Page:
Stigma around people living with HIV still looms in Botswana, more so for those in the LGBT+ community. However, 21-year-old Pontsho Sekisang, HIV and LGBTI+ activist, is using his reality to humanise the attitudes around people living with HIV.
Botswana is one of many African countries largely affected by HIV, having the third highest HIV rate in the world, with a prevalence rate of 21.9%. This is according to the HIV education NGO, AVERT. While the government provides free, universal, antiretroviral treatment to anyone living with HIV, low testing rates coupled with a lack of holistic information on the virus contribute to the stigma surrounding HIV. This seriously hampers any strides made towards wholly understanding the virus and being able to look at people living with HIV with the dignity that they deserve.
Discrimination affects society – and society is characterised by people. Such discrimination impacted 21-year-old LGBT+ activist Pontsho Sekisang, a proud, gay man living with HIV. Born on the 26th of March in 1997, Sekisang spent much of his childhood with his mom and sister in the then fairly peaceful city of Gaborone. He describes himself as a delightful and cheerful child, spending more time playing with girl-children than boys. “I was more interested in things that other boys didn’t like,” he says.
Things took a slight turn when he moved to Thamaga. While relocation is difficult for any child, for an effeminate young boy things are worse. Because of how he expressed himself, Sekisang struggled to find acceptance in this community. “Moving to Thamaga was very hard,” he says. “I had to find new friends and [the] village kids weren’t too understanding of my girly attitude. I went through a lot of discrimination, from boys mostly.”
Although he was only 12, his self-motivating nature assisted him greatly in adjusting to his new environment. He also befriended a female teacher who offered him support. She saw him through his last year in primary school right through his high school career. These years would become a formative time in the self-discovery of his sexual identity.
Sekisang realised that he really wasn’t into women but didn’t think anything significant of it. He didn’t think of himself as different in any way. He just assumed that he was a girl with a penis, or maybe, female inside. It was only in junior secondary school that he established his sexual orientation.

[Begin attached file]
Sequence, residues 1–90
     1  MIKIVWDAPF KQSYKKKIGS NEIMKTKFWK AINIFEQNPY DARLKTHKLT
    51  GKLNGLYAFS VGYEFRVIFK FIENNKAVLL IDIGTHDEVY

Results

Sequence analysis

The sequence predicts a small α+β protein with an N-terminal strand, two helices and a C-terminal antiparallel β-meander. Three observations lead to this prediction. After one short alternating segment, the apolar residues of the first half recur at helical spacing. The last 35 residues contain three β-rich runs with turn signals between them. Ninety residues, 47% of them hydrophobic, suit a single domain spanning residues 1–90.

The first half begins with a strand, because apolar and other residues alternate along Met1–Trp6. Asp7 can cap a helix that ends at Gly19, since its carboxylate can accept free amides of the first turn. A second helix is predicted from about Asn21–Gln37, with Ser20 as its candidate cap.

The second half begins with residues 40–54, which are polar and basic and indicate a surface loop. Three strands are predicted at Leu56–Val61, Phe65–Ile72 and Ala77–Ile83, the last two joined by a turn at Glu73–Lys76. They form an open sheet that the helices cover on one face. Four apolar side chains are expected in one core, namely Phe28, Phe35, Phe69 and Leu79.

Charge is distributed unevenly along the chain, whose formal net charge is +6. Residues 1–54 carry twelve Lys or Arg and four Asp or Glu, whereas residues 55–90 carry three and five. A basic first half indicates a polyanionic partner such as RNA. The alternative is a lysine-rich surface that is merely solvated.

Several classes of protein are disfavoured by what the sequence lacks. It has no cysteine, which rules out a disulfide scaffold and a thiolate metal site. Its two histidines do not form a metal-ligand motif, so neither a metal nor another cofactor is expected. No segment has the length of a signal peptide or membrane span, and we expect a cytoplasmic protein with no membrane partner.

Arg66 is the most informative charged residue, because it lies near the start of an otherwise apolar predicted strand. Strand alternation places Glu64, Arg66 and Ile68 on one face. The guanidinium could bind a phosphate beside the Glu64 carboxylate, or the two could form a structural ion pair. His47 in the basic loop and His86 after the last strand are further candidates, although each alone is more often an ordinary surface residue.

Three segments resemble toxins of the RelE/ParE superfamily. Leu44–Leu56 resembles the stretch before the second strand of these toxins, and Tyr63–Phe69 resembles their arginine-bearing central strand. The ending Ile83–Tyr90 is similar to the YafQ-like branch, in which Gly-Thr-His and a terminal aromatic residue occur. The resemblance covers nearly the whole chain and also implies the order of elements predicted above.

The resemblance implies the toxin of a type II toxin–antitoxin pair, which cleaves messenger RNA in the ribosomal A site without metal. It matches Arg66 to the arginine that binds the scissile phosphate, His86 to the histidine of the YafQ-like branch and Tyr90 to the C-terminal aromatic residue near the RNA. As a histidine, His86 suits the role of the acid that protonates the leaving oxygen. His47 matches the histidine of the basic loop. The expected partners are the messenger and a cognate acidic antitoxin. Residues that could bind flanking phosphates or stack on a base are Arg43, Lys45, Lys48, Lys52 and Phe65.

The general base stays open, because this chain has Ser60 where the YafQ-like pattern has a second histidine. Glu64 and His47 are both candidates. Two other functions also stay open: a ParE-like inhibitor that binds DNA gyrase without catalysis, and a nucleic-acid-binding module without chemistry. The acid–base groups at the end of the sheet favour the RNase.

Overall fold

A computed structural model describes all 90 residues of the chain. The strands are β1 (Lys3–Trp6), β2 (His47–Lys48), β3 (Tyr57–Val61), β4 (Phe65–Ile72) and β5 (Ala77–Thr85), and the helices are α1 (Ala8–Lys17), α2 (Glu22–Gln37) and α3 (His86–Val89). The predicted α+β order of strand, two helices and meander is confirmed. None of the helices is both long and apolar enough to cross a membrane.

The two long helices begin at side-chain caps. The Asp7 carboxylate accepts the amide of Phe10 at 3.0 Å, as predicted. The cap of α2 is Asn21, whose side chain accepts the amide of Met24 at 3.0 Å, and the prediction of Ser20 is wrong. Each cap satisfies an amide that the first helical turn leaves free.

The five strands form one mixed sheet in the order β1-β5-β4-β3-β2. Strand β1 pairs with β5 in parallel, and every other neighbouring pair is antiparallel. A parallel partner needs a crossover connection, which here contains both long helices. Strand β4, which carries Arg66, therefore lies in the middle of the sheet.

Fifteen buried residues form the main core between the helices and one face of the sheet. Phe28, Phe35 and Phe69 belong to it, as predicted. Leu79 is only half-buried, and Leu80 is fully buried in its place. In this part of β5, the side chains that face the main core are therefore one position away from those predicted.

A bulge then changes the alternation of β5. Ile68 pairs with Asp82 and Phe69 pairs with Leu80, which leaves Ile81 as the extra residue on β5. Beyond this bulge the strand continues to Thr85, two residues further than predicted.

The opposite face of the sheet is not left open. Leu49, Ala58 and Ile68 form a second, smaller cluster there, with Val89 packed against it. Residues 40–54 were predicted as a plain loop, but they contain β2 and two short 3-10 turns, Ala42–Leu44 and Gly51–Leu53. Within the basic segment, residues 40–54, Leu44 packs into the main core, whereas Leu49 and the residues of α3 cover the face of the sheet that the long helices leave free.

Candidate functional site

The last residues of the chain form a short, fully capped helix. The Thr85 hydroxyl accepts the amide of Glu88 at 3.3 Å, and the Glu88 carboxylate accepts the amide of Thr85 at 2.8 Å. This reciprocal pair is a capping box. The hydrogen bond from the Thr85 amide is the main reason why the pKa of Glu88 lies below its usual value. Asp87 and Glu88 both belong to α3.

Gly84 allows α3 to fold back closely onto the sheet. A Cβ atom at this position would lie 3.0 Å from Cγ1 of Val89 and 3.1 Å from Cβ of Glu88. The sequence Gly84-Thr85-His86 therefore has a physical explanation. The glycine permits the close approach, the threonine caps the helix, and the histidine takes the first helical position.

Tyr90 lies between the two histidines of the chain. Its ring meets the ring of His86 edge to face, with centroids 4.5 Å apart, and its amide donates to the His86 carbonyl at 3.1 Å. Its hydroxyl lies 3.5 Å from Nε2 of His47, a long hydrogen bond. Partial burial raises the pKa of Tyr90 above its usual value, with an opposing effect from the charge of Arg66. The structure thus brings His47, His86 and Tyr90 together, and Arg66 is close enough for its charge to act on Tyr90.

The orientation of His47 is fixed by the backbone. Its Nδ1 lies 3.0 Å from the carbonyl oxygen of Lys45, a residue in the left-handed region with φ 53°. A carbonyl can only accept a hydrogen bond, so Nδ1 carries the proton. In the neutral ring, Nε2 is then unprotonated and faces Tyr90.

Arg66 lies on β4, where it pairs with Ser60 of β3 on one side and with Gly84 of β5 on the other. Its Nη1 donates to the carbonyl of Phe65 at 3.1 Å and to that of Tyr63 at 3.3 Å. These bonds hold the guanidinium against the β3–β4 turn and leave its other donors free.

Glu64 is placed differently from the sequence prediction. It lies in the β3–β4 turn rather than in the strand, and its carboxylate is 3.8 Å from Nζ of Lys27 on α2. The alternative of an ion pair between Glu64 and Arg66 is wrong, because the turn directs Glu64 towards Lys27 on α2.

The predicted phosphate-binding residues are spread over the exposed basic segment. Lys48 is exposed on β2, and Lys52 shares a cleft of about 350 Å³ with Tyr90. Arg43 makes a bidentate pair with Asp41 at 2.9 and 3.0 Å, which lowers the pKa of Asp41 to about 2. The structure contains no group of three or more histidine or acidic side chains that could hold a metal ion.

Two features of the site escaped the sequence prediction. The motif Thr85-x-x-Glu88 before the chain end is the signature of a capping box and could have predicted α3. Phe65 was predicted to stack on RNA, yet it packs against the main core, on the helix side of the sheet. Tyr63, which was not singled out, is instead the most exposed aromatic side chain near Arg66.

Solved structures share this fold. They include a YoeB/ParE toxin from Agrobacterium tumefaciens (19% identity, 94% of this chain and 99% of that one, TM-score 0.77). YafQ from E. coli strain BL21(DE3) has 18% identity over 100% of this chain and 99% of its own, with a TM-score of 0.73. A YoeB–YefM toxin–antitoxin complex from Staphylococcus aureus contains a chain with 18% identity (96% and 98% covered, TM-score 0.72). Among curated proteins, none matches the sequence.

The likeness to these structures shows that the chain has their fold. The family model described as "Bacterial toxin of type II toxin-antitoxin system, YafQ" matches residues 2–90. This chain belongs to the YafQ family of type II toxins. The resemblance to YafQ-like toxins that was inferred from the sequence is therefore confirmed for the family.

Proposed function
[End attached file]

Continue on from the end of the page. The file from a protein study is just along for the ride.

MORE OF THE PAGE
In the same manner in which he felt no different to his classmates, he too found nothing strange about making romantic advances on boys. While this lead to him better understanding the sexuality spectrum, it was a lesson learnt aggressively. In some instances, there would be hurtful remarks hurled at him, like the one he received from his school’s Head Boy, “ngwanyana o nang le ditedu (a bearded girl)”.
Sometimes he was blamed for the country’s drought. As part of Botswana’s general cultural spirituality, rain is seen as a form of wealth or prosperity. If it doesn’t rain, it is a sign that the divine beings are angry at their people. Though people met his sexuality with violent remarks, Sekisang was excited by the idea that he could be the only gay boy in junior school. However, when dawn turned to dusk and he was alone with his thoughts, some of the harsh things people said to him would recite themselves in his mind, affecting his self-esteem.
Due to the complexities of puberty he navigated casual relationships and flings until he completed his studies. But that didn’t mean he never fell in love. Just as he was writing his final exams in the last year of high school, he fell in love with a man who was in a polyamorous relationship. “I first fell in love when I was sitting for my BGCSE with some guy who was involved with a girl on the side because he was bisexual. The relationship did not go anywhere because he couldn’t divide his love between the two of us,” he said.
Sekisang later got involved with another man of his age. They didn’t share the same values and beliefs about monogamy. It ended shortly after. He remained single for a while before meeting someone fairly older than him. They pursued a romantic relationship which is when Sekisang learnt of his . He was 19 years old.
Sekisang admits that it was a harrowing moment. A few months after his discovery and speaking to his partner about it, he encouraged them to go for couples testing. Unfortunately, that would not be enough to keep them together, and the relationship would see its end a few months down the line.
His aspirations also took on a different direction. While he had considered becoming a fashion designer in high school, he now wants to change attitudes and perceptions about HIV and homosexuality through meaningful advocacy.
Today he affirms himself as a strong, young, LGBT+ advocate living with HIV. He aspires to pursue his studies in a course relating to health sciences around the virus. He’s aiming for an enriched career as a motivational speaker encouraging young people. Sekisang hopes that his story and advocacy will help the youth access an enhanced, more humanised, and more sensitised information regarding HIV.